The 30 Basic Bird Groups

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Strauss, Bob. "The 30 Basic Bird Groups." ThoughtCo, Oct. 12, 2017, thoughtco.com/basic-bird-groups-4093407. Strauss, Bob. (2017, October 12). The 30 Basic Bird Groups. Retrieved from https://www.thoughtco.com/basic-bird-groups-4093407 Strauss, Bob. "The 30 Basic Bird Groups." ThoughtCo. https://www.thoughtco.com/basic-bird-groups-4093407 (accessed October 17, 2017).
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A Beginner's Guide to Bird Classification

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The earth is home to over 10,000 species of birds, scattered across a wide range of habitats—wetlands, woodlands, mountains, deserts, tundra, shorelines, and even the open sea. While experts differ on the fine details about how birds should be classified, on the following slides, you'll discover the 30 bird groups that pretty much everyone agrees on—ranging from albatrosses and petrels to toucans and woodpeckers.

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Albatrosses and Petrels (Order Procellariiformes)

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Birds in the order Procellariiformes, also known as tubenoses, include diving petrels, gadfly petrels, albatrosses, shearwaters, fulmars and prions, about 100 living species in all. These birds spend most of their time at sea, gliding over the open water and dipping down to snatch meals of fish, plankton, and other small marine animals. Tubenoses are colonial birds, returning to land only to breed (breeding sites vary among species, but in general, these birds prefer remote islands and rugged coastal cliffs), and they are monogamous, forming long-term bonds between mating pairs.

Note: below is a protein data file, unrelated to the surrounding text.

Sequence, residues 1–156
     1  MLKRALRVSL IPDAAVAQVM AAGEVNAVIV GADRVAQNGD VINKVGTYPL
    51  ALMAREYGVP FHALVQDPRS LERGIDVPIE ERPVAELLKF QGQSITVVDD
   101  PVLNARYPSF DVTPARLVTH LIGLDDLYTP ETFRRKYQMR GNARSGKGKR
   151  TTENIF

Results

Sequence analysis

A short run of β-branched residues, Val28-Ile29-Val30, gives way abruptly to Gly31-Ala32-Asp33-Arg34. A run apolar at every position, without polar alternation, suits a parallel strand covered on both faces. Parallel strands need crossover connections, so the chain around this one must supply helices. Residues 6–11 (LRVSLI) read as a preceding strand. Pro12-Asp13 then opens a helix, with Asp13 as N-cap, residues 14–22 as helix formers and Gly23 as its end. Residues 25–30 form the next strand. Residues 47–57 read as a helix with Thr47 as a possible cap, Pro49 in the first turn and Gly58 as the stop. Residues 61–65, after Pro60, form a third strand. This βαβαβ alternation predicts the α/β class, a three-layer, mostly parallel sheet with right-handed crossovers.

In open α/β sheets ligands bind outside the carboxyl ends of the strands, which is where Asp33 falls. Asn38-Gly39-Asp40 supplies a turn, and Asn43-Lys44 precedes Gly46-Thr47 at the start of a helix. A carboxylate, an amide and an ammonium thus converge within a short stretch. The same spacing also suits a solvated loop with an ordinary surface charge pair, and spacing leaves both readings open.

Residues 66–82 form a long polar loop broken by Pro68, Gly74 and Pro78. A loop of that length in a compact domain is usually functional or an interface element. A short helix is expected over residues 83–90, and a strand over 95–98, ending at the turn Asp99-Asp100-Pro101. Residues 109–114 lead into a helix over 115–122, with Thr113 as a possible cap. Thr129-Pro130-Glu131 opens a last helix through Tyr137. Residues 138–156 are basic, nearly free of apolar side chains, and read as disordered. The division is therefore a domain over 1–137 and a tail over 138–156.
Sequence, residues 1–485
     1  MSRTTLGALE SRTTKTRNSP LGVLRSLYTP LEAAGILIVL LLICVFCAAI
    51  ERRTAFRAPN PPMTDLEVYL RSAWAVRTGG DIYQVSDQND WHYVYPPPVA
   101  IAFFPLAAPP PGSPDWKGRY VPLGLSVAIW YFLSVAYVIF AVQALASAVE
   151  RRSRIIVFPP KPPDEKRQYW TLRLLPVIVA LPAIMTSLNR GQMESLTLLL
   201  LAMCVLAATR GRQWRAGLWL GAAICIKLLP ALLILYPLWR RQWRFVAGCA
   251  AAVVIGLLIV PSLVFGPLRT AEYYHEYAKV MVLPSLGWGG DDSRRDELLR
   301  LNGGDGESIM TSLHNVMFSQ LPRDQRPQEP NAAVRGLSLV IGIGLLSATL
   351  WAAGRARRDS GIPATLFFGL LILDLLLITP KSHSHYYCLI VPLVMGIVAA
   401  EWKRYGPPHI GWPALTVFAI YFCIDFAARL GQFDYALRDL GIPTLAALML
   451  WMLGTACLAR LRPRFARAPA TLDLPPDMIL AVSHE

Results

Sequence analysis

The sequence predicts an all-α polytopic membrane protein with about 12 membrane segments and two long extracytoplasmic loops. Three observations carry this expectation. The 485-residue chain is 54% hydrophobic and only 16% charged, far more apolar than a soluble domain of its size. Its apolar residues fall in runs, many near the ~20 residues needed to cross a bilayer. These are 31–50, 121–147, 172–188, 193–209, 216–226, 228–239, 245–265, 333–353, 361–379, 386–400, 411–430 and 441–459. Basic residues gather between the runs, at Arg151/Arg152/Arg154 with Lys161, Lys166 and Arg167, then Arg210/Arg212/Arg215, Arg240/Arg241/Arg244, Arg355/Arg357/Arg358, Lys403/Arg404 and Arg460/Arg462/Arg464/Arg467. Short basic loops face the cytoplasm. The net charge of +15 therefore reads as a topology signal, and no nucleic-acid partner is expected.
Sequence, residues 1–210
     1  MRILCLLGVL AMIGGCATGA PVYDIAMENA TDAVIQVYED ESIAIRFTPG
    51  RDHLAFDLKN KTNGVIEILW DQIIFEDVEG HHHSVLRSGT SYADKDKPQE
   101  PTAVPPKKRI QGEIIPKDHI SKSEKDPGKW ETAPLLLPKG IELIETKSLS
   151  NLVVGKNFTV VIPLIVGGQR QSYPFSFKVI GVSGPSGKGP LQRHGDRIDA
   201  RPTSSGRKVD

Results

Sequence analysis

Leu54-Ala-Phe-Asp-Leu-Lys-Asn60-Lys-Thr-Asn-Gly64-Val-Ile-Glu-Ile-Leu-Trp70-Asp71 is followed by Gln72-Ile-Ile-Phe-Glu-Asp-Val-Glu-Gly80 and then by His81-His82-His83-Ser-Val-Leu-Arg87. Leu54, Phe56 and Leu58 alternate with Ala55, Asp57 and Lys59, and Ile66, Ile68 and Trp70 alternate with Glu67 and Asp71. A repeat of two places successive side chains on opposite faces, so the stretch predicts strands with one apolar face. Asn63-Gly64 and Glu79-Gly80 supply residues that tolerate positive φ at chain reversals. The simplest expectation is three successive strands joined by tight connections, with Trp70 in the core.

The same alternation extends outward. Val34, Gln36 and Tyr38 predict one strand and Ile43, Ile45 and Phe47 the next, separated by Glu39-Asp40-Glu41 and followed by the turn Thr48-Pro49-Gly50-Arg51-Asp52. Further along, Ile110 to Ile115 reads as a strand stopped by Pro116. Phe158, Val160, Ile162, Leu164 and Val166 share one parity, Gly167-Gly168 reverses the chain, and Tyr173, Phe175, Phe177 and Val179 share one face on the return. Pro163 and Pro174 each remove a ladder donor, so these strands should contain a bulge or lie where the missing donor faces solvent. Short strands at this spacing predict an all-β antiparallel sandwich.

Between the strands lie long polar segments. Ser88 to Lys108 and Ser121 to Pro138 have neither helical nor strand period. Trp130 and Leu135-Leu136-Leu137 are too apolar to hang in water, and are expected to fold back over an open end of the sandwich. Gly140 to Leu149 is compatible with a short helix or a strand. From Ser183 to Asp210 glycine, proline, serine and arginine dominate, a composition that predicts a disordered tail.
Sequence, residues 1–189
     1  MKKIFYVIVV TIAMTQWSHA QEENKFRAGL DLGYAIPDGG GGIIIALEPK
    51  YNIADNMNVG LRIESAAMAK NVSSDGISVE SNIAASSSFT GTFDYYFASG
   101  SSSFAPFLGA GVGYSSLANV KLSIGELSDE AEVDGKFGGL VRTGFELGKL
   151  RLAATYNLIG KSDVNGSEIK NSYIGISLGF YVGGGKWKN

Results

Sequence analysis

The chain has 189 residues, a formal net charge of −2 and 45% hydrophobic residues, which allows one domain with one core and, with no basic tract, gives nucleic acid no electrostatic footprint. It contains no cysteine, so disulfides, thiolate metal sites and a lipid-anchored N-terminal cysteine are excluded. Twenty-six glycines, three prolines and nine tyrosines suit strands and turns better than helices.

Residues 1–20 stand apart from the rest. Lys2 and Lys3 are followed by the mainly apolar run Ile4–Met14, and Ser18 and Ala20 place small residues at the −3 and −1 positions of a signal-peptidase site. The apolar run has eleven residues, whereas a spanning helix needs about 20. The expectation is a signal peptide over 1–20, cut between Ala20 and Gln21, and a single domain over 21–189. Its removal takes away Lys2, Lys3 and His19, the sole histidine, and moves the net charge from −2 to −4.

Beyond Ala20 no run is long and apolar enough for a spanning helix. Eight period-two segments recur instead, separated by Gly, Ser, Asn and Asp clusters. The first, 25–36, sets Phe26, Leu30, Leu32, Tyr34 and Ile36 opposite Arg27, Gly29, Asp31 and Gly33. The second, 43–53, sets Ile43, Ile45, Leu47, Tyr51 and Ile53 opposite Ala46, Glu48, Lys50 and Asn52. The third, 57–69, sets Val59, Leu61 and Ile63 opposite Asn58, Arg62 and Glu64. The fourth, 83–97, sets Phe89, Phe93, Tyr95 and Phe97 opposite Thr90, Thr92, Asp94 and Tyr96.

A unifying anatomical characteristic of albatrosses and petrels is their nostrils, which are enclosed in external tubes that run from the base of their bill towards its tip. Amazingly enough, these birds can drink seawater: they remove salt from the water using a special gland located at the base of their bills, after which the excess salt is excreted out through their tubular nostrils.

The largest tubenose species is the wandering albatross, the wingspan of which can reach 12 feet. The smallest is the least storm petrel, with a wingspan of just over one foot. 

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Birds of Prey (Order Falconiformes)

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The Falconiformes, or birds of prey, include eagles, hawks, kites, secretary birds, ospreys, falcons and old world vultures, about 300 species in all. Also known as raptors (but not all that closely related to the raptor dinosaurs of the Mesozoic Era), birds of prey are formidable predators, armed with powerful talons, hooked bills, acute eyesight, and broad wings well-suited for soaring and diving. Raptors hunt by day, feeding on fish, small mammals, reptiles, other birds, and abandoned carrion.